Dravosburg celebrated its 100th anniversary in 2003. In those 100 years of history as a municipality, Dravosburg has maintained many of the values that were key to it’s founding in 1903. The records of Dravosburg date back to 1769. The first settler was John Gray also known as George Gray. Prior to that time, an early deed was recorded if this section as far as Hays, know then as Six Mile Ferry. This section was granted to John Gray by John and Thomas Penn, sons if William Penn, the founder of Pennsylvania. The property, formerly known as Mt. Gray, is remembered as Cunningham farm, a heritage of the Gray family. The first home if the Cunningham family was a two room log cabin overlooking the Monongahela River, built in 1854 and known as Amity settlement and later was the home of Conrad Goldstrohm, for whom a street is named for. The Civil war halted further building on the hill as most of the young men were in the service.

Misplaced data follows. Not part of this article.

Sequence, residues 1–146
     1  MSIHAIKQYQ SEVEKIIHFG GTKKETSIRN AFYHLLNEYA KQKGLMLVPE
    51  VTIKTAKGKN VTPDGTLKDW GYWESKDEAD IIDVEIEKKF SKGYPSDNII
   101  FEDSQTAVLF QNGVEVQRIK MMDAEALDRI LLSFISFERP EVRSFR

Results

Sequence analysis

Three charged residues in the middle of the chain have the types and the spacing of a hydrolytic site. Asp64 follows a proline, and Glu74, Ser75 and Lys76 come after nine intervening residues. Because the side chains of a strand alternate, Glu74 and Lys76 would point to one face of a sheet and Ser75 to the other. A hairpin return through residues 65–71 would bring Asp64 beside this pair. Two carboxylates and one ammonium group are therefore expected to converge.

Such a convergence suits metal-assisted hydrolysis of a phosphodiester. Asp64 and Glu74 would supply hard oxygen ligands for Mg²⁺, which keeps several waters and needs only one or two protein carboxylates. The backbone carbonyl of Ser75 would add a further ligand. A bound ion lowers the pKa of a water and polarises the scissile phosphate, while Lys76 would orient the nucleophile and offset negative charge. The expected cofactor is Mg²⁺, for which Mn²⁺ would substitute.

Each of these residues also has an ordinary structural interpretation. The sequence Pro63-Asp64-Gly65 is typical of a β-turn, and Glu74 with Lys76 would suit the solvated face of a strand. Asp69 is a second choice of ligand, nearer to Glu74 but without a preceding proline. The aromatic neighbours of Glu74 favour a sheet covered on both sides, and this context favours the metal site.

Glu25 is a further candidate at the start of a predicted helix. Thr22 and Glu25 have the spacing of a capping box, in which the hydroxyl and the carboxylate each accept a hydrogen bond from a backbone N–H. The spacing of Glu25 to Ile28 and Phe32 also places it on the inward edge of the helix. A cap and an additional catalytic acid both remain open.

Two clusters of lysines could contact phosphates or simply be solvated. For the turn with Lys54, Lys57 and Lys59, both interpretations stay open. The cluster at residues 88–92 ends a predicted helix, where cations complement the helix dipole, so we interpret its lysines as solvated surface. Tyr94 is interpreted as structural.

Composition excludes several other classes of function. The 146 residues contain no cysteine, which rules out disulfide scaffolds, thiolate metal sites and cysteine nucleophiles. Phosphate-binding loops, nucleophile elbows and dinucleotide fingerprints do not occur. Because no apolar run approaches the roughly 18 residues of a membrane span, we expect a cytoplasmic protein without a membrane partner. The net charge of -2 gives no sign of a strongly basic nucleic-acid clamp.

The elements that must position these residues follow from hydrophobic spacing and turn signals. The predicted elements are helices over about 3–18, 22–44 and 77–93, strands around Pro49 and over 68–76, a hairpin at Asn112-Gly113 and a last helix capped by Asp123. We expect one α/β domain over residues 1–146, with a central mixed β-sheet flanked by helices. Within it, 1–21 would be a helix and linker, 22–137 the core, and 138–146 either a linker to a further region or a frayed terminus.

In 1789, the land where Richland Cemetery is located was deeded to Conrad Latterbock. The land extended back as far as the property now known as Curry Hollow. The Cemetery was used as a private burial place and was known by two name Richland and Cuventry. In 1837 this land was deeded to the Curry family and known as the Curry Place. Part of this land is still known as Curry Hollow. Dravosburg, a part of Mifflin Township, was incorporated into a Borough March 31, 1903. The first Burgess was Stephan Crump elected May 6, 1903. A council was elected and they had their first meeting in the Richer Real Estate office, located at what was the Richards Building. The first order of business was to hire a policeman, buy a revolver, a mace, two pairs of handcuffs, and order a lockup built. The lockup was ready June 7, 1904.